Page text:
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Organizing With Open Source
Author: Francis Raven, A Sense Of Place Network | September 13th, 2005
Communities: Cool Tools , Economic Development,

The Nonprofit Open Source Initiative (NOSI) was formed in early 2001 by an informal group of non-profit sector technology assistance providers who were interested in the potential of open source software to benefit the organizations they aided. An email interview with NOSI Coordinator John Stanton provided insight into this important project.

What is NOSI's mission?

To bridge the gap between the nonprofit and open source communities. This means helping Non-Profit Organizations (NPO’s) and Community Based Organizations (CBO’s) learn and use Free/Libre and Open Source Software, which we call FLOSS for short. The other part of this mission is to help the FLOSS community learn about the special needs of NPO's and CBO's and identify areas where FLOSS technical expertise can be most useful.

How do you accomplish this mission?

We seek to educate and advocate for the use of FLOSS through our mailing lists, website, publications and community appearances. We recently published “Choosing and Using Open Source Software: A Primer for Nonprofits” (which can be downloaded from the website for free). The primer, made possible through the generous support of IBM, is an easy to understand introduction to FLOSS for non profit and community based organizations. We also host the “Open Source Cyber Café,” which brings a portable computer lab running Linux, a Free operating system, to various community events and conferences around the country. Finally, is an online resource for people and organizations interested in how FLOSS can help non profits.

Why is open source software important?

Free and Open Source Software is important because it can help NPO's and CBO's stop spending valuable resources, which could and should be directed elsewhere, on software. Proprietary software, software produced and marketed with restrictions on its use, is never really owned by the organizations that use it. For example, an NPO generally cannot legally give its workers copies of proprietary software to use at home. Schools cannot send their students home with the software they use at school, and students aren't allowed to copy proprietary software to share with friends. Free and Open Source software renders these kind of concerns a complete non-issue. It's really a very simple and elegant solution to an artificially created problem.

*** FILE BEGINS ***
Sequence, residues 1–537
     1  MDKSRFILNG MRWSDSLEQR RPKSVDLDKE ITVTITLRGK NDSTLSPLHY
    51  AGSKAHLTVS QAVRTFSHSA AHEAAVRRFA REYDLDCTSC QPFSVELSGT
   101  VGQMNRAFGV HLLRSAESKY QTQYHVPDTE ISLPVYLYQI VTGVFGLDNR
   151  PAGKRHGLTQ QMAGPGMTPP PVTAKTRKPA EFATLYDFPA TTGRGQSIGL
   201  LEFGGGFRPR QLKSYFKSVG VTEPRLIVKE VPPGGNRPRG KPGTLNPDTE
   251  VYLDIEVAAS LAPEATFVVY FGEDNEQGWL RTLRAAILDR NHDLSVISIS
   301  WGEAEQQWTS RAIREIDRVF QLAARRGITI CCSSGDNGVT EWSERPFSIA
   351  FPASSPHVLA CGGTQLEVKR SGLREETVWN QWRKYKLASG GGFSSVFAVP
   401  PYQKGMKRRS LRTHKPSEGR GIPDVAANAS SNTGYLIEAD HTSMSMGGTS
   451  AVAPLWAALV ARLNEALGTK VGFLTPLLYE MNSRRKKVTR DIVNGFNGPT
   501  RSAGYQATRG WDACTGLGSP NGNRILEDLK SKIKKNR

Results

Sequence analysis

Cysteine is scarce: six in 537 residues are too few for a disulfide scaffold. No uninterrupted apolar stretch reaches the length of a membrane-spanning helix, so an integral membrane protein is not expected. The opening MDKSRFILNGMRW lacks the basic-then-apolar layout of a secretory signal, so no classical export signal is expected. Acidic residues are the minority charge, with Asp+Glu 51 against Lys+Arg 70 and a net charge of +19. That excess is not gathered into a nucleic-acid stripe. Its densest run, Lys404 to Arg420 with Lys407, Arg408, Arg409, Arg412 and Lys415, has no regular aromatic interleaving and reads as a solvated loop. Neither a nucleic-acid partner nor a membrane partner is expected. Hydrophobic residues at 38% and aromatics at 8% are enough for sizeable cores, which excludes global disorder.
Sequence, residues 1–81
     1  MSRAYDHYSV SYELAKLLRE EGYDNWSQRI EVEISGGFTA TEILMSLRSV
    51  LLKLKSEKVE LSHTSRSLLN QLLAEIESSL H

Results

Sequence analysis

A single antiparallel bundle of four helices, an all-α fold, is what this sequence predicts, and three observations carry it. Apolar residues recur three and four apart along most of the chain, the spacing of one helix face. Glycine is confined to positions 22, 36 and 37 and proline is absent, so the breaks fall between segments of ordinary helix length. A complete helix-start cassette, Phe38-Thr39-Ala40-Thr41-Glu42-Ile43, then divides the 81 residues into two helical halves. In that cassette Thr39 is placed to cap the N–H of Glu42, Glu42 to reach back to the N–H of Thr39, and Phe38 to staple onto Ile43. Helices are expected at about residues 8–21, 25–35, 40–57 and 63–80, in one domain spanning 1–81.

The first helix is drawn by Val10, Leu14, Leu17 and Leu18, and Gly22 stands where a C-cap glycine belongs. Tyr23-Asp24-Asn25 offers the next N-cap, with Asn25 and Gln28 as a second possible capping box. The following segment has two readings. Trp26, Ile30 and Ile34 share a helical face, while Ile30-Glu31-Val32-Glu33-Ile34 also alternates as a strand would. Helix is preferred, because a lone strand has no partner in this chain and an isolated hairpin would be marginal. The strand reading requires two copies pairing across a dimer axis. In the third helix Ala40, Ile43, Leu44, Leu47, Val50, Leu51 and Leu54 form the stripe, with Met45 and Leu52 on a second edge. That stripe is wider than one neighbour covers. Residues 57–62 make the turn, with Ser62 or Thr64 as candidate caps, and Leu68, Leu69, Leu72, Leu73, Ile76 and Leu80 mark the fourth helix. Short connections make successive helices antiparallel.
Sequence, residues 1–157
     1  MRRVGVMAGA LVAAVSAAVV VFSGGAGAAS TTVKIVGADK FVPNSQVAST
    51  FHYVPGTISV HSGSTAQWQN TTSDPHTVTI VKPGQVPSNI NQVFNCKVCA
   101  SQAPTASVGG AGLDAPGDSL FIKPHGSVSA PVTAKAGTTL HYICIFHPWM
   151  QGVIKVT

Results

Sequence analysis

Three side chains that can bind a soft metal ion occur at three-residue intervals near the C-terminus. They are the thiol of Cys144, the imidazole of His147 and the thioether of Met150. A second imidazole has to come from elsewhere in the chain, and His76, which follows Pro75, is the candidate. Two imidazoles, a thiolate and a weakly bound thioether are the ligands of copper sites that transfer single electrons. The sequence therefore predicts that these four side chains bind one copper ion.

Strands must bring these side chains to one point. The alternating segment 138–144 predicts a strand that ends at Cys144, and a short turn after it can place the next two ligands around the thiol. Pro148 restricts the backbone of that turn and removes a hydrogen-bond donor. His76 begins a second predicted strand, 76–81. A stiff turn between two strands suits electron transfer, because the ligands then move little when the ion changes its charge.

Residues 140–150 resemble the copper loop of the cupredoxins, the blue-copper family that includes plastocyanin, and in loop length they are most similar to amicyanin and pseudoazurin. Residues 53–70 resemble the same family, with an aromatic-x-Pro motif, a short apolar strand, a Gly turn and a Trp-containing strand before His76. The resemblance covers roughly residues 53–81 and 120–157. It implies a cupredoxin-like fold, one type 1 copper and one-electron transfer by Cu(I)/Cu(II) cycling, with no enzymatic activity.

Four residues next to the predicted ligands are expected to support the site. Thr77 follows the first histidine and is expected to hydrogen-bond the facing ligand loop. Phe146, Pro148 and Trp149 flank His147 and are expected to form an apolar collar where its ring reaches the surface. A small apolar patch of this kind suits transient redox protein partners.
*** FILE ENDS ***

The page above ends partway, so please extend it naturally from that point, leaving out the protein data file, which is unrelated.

Is it particularly important for nonprofits?

We believe that Free and Open Source Software is important and useful for everybody. We think that nonprofits are no exception to this rule. Free and Open Source Software is a sustainable resource for nonprofit and community based organizations. Moreover, the volunteer ethos that drives the Free Software movement is the same one that propels the nonprofit sector as a whole. We all see a need and seek to serve; we all are devoted to a more just, free and fair society.

How would you begin to evaluate whether or not open source is right for an organization?

A good place to start is with “Choosing and Using Open Source Software: A Primer for Nonprofits”. The primer helps to provide context for making an informed choice. It provides four case studies from real agencies that have made the choice to use Free and Open Source Software. The primer is written with the non-technical user in mind and is short enough to read over lunch.

Why are case studies important for this?

Case studies are important because they help organizations to imagine how the software they are considering might impact them. NPO's may not know much about Free Software but they know a lot about how organizations like themselves make decisions, what kind of problems they have, and what kinds of issues they may need to solve. Case studies can help organizations considering Free and Open Source Technology ask the right kinds of questions.

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